By R.L. Bynum
Visiting NHL radio crews depend on local engineers
New York fans listening to Islanders radio broadcasts of this week’s two playoff games in Raleigh will probably have no idea that a North Carolina resident is responsible for the professional sound quality they are hearing.
Because an engineer isn’t part of the travel parties for any National Hockey League radio broadcast team, there is one in each NHL city who works with the visiting radio team.
Since 2001, that person in Raleigh has been Ben Alexander.
“I do a little bit of producing but, for the most part, I’m just the technician, I’m the engineer,” said Alexander, who lives in Apex. “I set up the equipment and basically make sure that they get on the air and make sure that everything sounds good from the game site.”
Although Alexander is the designated engineer in Raleigh, there is no formal contract. He sends invoices to each team and gets separate checks. He costs the teams a lot less money because they don’t have to pay for lodging or for him to travel.
“With NHL broadcasts, and other professional broadcasts as well, there’s pretty much a standard way they’re done,” said Alexander, who grew up in Raleigh, and graduated from Broughton High School and N.C. State. “So, you can send out an information sheet and it’s pretty easy for an engineer in a given city to figure out what all needs to be done for that particular team.”
Alexander does pretty much the same job for every team unless, similar to the Hurricanes, the television broadcast is simulcast on radio. That makes the duties a little lighter when, for example, the Dallas Stars come to the PNC Arena.
“They actually will pay me just to make sure that the simulcast broadcast is getting out,” he said. “But, for the most part, I’m not doing anything for them except make sure they get on the air.”
Unlike every previous season since 2009, he’s finally been able to work games deep into April and into May and enjoy the craziness that is the Stanley Cup playoffs.
“This has been a fun year,” Alexander said. “It’s been really neat to see the crowds come back. This first round of the playoffs was the loudest I’ve heard this building since 2006. It’s really been a lot of fun just to be in the atmosphere and watch the Hurricanes perform.”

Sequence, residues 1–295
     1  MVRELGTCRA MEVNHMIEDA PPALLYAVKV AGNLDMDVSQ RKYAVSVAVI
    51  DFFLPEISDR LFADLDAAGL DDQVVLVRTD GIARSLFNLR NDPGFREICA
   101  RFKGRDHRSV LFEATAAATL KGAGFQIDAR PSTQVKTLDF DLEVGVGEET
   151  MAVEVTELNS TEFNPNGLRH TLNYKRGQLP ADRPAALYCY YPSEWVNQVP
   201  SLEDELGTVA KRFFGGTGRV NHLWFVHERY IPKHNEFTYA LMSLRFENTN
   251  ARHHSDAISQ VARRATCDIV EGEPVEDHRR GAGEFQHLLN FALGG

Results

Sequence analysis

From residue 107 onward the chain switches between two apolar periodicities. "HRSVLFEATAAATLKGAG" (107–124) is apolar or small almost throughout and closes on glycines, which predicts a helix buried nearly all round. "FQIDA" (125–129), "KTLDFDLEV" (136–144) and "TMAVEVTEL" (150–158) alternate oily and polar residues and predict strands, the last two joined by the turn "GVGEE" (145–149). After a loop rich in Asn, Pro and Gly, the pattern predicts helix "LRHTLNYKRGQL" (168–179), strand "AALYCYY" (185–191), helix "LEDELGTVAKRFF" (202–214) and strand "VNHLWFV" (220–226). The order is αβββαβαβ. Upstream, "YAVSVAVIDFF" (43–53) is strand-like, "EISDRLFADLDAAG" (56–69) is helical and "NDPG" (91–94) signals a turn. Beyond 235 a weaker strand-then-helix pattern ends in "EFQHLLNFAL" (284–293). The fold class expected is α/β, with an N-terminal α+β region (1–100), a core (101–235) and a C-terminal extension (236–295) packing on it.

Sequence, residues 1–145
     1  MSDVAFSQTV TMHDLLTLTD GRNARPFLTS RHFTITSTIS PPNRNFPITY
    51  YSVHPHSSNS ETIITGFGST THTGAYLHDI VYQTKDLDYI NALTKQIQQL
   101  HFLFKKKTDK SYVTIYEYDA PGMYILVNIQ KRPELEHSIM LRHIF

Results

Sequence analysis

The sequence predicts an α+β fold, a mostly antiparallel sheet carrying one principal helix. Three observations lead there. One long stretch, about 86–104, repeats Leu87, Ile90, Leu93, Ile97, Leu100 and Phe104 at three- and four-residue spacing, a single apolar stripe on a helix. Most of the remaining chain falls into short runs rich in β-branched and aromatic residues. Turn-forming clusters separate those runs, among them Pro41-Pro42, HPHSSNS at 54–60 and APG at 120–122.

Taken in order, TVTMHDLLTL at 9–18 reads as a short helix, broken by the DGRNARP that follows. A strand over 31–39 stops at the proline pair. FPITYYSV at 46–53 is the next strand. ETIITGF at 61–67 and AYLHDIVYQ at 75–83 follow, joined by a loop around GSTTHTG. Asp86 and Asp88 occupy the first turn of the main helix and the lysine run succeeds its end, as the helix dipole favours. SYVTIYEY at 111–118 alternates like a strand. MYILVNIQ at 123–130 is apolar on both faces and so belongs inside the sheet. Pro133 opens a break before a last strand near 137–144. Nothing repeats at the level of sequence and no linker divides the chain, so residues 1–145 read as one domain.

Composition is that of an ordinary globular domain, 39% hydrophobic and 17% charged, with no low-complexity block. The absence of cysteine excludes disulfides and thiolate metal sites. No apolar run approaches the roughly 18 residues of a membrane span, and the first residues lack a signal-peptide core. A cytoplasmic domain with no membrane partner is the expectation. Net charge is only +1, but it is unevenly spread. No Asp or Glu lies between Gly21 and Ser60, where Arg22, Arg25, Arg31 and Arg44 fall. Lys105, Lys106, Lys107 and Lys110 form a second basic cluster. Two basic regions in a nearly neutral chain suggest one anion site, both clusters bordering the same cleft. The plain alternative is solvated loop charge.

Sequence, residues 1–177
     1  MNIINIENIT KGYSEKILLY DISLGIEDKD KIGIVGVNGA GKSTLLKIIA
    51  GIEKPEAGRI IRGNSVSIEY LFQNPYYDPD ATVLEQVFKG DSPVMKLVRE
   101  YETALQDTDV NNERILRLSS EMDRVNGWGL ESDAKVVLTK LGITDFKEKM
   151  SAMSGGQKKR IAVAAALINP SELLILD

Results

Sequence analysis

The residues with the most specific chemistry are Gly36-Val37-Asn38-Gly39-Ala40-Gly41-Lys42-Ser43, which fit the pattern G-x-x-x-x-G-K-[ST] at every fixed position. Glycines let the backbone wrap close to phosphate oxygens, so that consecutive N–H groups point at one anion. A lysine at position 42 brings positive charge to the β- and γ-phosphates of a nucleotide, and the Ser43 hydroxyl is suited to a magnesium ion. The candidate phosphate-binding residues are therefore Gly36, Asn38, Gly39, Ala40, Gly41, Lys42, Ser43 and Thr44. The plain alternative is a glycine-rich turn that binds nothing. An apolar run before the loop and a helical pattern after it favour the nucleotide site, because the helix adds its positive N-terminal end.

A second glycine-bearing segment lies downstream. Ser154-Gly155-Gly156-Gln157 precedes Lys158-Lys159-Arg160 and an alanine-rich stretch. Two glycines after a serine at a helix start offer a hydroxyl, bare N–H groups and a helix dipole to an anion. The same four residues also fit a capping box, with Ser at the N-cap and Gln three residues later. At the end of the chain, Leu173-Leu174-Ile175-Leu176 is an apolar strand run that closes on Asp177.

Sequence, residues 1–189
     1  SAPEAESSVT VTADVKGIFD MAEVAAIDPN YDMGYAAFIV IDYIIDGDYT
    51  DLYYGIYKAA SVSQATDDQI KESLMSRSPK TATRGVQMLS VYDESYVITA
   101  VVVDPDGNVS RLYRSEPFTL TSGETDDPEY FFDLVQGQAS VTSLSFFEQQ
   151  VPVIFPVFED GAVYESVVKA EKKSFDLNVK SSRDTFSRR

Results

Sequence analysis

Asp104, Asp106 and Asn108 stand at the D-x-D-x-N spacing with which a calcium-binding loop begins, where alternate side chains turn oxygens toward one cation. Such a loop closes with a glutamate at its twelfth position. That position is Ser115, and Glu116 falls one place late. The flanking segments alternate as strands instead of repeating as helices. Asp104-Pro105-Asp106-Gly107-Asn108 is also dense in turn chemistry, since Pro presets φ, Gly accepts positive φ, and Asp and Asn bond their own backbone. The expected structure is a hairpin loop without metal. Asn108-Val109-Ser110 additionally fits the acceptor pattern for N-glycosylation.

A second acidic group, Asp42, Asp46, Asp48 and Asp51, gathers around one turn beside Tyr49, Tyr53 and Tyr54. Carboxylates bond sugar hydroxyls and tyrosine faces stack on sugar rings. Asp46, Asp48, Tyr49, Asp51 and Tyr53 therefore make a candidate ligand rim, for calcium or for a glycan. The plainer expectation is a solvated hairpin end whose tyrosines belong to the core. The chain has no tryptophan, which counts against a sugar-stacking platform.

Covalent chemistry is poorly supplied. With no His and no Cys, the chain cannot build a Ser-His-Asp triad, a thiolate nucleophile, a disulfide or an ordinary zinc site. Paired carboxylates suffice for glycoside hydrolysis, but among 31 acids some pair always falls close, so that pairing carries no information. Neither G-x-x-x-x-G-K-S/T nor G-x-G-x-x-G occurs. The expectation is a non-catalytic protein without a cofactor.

The loud crowd can make his job harder.
“It can be real challenging,” he said. “Fortunately, the headsets make it so that you can cut out some of the crowd noise. It makes it a challenge to hear the announcers on top of the noise.”
Alexander worked with the Islanders team of play-by-play man Chris King and analyst Greg Picker earlier this season, and many times over the years.
“Most of these guys are really great to work with,” Alexander said, including King and Picker in that group. “And they’re traveling from city to city seeing a different person each time. They do the best they can to get along and to make things as easy as possible for the guys like me that are setting the stuff up. Most of them, they’re just a lot of fun.”
Some of his favorites are Kenny Albert (at right in the above photo with Alexander), who calls New York Rangers games — “He’s just as friendly as he can be.” — John Walton, the Washington Capitals’ play-by-play voice, and Pete Weber, the voice of the Nashville Predators.
“He’s hilarious,” Alexander said of Weber. “They do everything to make the broadcast as much fun as possible. Just animated and not taking anything too seriously. Always cutting up and having a good time.”
Some fans probably couldn’t deal with Alexander’s situation. He wants the Hurricanes to win. But not only can he not cheer, he’s working with the radio crew broadcasting for the opposing team.
“I’m going to be sitting on my hands when it comes to cheering for the teams,” Alexander said. “I make it a point to try not to [cheer]. I’m not going to let my emotions show during the game. I think the announcers probably know that I’m wanting the Hurricanes to win. But my job dictates that I have to just make them sound as good as possible.”
Alexander took the job after the previous visiting-team engineer, Bob White, decided the travel and workload had become too much. At the time, White was traveling from Charlotte for each game and also was doing work for Charlotte Bobcats and Carolina Panthers games.
“It’s a pretty easy gig,” Alexander said. “If you understand the technical aspect of it, there’s not a lot of tasks that get sent your way. It’s pretty much straightforward. There’s not really anything crazy about what I do other than that I get real good seats to all of the games.”